PERUGIA, Italy, March 26, 2011 -- A key witness in the Italian trial of American student Amanda Knox gave conflicting statements in court on Saturday when asked to remember what he saw on the night of Nov. 1, 2007.
Knox, 23, and her former Italian boyfriend, Raffaele Sollecito, who turned 27 on Saturday, are appealing their 2009 conviction, of 26 and 25 years in prison respectively, for sexual assault and murder in the death of Knox's British roommate, Meredith Kercher.
Today's main witness, Antonio Curatolo, testified in Knox's first trial in 2009 that he had seen Knox and Sollecito in Piazza Grimana – the square above the house Knox shared with Kercher – on the night of the murder. Curatolo was the only eyewitness brought by the prosecution in the first trial that the judges deemed reliable.
But today he gave conflicting testimony, at one point saying he saw the two on Halloween night — before the murder — and at another suggesting he saw them the next night, Nov. 1.
In an effort to dismantle Curatolo's testimony, the defense of Knox and Sollecito called a number of witnesses on March 12. Disco owners and bus drivers testified that most discos were closed on the night of Nov. 1, 2007 because they had their big Halloween events on the night before. Bus drivers said buses to the discos were not running that night.
One owner of a discotheque on the outskirts of Perugia who testified on Saturday told the Appeals court that his disco was closed that night as were all the other big discos. He explained that for the past seven or eight years Halloween has been "the best night of the year" for Perugia discos and their big student crowd. Halloween has only become popular in Italy in the last decade or so.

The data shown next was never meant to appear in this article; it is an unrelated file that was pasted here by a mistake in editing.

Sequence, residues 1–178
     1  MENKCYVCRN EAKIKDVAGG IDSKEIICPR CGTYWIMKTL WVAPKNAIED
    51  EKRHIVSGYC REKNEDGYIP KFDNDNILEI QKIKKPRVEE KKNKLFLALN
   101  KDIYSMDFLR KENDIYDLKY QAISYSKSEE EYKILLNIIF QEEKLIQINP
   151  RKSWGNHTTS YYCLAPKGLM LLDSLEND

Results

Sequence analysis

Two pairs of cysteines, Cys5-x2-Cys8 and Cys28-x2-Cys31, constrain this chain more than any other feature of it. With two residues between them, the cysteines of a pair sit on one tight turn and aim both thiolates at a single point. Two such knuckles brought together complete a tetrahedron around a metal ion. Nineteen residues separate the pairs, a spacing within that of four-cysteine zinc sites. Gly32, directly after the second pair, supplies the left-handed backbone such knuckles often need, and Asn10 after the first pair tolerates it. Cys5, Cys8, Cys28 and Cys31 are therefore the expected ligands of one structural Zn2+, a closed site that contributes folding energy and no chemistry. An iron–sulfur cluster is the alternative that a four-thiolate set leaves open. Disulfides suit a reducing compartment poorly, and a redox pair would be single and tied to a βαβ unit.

Curatolo, who in 2007 lived outdoors in the Piazza Grimana square, where he said he lived for about seven or eight years, told the court on Saturday that he had seen Knox and Sollecito in the square On Nov. 1 talking animatedly. When asked what night it was, he said he thought it was Halloween, "because there were a lot of young people in costume." He said there were a lot of students around, and buses ready to take them to the discos. He also said he thought the date was Nov. 1. or 2., when All Souls Day is celebrated in Italy.
He then contradicted himself, by telling the prosecutor that he was sure that it was the very next day, at around 1 or 2 p.m., that he saw police cars driving by the square. He said he saw police "and people in white suits" inside and outside the cottage where Knox lived with Kercher. Kercher's body was discovered mid-day on Nov. 2.
"I am as certain of that as I am sure that I am sitting in this chair now," Curatolo told the judge.
In response to questions from assistant judge Massimo Zanetti, Curatolo confirmed he was presently in prison, on drug charges, he thought. "I haven't quite understood why yet," Curatolo said. According to press reports Curatolo is serving a sentence for dealing heroin – a charge dating back to 2003.
"I have always used drugs," Curatolo admitted matter-of-factly. At the moment he wasn't using any, he said, but confirmed that he had used heroin in 2007. "I want to clarify that heroin is not a hallucinogen, he added."
One of the prosecutors in the case, Manuela Comodi, told journalists before the hearing that she thought Curatolo was a "decisive" witness. He has been a witness in two other trials, she said, and the fact that he lives outside in a public place means he sees a lot of what happens around the area.
Knox appeared more relaxed on Saturday than she had at recent hearings. Her younger sister Deanna was in court along with her stepfather Chris Mellas and friend Madison Paxton.
Deanna Knox had not seen her sister since her conviction in December 2009.
"I got to see her yesterday alone, for the first time," Deanna Knox told ABC News. "We were very excited, jumping up and down, and we kind of held each other the whole time, for an hour, basically" she said.
Asked how she found her sister after all this time, Deanna replied "Amanda is always going to be just Amanda, but every time a court date comes around she gets nervous. I can tell that about her, even if she won't admit it."
Deanna also added, however, that her sister is "very, very hopeful" regarding her appeal.
The court in Perugia set the next hearing in the case for May 21, when court-assigned independent DNA experts will present their report regarding key DNA evidence presented in the first trial.
A third person, Rudy Guede, was convicted to 16 years in prison for his role in the crime. He was tried separately from Knox and Sollecito and has exhausted his appeals.